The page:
Police in Samara have opened a criminal case against a local man who stole the three-ton “pyramid of shame” planted outside his cottage by his utility company.
Stamped in bright yellow letters, the landmark reads, “A debtor lives here!” The man in question (whose name hasn’t been released to the public) reportedly owes more than 45,000 rubles ($690) for water and sewer service. Several days after the object was deposited outside his home, the man decided to rid himself of the dishonor, not by paying off his debts but by breaking off the top of the pyramid and then paying a freight truck to carry it away.
Local reporters say surveillance cameras captured the whole incident on video. The man is charged with felony theft and faces up to two years in prison. He’ll also have to pay for the damage he inflicted on the utility company’s pyramid — a drop in the bucket compared to the 25 million rubles ($384,125) he reportedly owes to other companies and lenders.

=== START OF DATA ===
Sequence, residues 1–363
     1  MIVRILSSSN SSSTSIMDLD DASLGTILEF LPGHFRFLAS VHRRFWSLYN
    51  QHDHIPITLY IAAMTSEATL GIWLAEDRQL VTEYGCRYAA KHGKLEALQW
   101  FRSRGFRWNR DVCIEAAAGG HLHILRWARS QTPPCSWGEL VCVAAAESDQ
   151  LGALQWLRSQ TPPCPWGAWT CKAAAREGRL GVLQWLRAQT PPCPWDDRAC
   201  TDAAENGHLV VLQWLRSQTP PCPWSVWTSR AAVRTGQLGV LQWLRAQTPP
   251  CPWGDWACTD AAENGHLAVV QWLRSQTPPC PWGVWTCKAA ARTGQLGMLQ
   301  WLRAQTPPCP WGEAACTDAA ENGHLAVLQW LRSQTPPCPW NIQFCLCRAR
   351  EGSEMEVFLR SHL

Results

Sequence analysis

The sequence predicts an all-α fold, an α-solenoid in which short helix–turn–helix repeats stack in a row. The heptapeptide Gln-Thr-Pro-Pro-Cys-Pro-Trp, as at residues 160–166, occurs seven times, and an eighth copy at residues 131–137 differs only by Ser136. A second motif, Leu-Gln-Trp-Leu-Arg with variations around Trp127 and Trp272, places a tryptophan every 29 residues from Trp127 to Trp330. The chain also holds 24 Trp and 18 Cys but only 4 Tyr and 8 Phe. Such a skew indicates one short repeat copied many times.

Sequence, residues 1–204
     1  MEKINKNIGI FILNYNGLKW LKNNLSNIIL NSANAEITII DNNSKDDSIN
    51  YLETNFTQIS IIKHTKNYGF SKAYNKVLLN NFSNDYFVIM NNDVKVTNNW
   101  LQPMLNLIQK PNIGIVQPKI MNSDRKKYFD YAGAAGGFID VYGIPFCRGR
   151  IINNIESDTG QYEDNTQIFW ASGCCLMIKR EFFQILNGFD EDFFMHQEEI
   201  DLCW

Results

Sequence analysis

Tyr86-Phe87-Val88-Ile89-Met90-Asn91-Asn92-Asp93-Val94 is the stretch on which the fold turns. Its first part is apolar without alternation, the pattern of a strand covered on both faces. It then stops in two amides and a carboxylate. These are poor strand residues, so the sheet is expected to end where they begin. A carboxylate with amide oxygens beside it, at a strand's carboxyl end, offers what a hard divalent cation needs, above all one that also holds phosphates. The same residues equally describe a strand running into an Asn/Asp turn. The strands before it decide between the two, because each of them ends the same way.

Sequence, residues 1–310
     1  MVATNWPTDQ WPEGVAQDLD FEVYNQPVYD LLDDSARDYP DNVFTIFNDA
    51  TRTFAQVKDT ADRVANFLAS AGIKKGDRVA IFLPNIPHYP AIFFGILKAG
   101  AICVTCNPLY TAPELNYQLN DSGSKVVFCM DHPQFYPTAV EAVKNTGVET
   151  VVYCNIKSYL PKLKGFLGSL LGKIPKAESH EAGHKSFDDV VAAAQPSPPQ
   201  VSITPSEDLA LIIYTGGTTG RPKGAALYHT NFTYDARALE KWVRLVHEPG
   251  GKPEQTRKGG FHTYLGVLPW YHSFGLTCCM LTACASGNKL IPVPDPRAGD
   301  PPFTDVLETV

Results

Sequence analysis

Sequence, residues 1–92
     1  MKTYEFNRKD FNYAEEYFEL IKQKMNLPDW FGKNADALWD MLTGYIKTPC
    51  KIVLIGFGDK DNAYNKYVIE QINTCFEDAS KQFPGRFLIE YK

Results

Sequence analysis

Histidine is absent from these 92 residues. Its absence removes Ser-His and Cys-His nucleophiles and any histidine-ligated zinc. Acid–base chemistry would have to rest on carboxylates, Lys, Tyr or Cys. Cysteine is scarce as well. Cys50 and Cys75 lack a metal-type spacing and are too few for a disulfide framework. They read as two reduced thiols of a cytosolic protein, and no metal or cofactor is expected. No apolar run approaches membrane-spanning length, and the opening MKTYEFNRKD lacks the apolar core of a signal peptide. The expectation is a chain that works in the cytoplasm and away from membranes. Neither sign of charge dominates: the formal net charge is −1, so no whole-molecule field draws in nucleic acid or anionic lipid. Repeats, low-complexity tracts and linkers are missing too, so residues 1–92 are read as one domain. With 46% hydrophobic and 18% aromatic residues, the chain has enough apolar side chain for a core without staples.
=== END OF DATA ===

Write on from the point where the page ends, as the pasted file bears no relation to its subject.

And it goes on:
The “pyramid of shame,” meanwhile, was quickly discovered, repaired, and returned to the curb outside the man’s house. On its website, the utility company thanked the “attacker” for revealing a flaw in the object’s design, adding that it’s made some improvements. “Now it’s basically impossible to break the pyramid and remove it!” the company explained.
The RKS-Samara water company first mobilized these “shame pyramids” in May 2018. So far, the objects have appeared outside the homes of 82 people who refused to pay their bills. The company says this unorthodox tactic has helped bring in more than one million rubles ($15,370) in outstanding fees. For bad customers who live in apartment high-rises, RKS-Samara has even used a crane to perch a lighter version of its shame pyramid outside people’s balconies.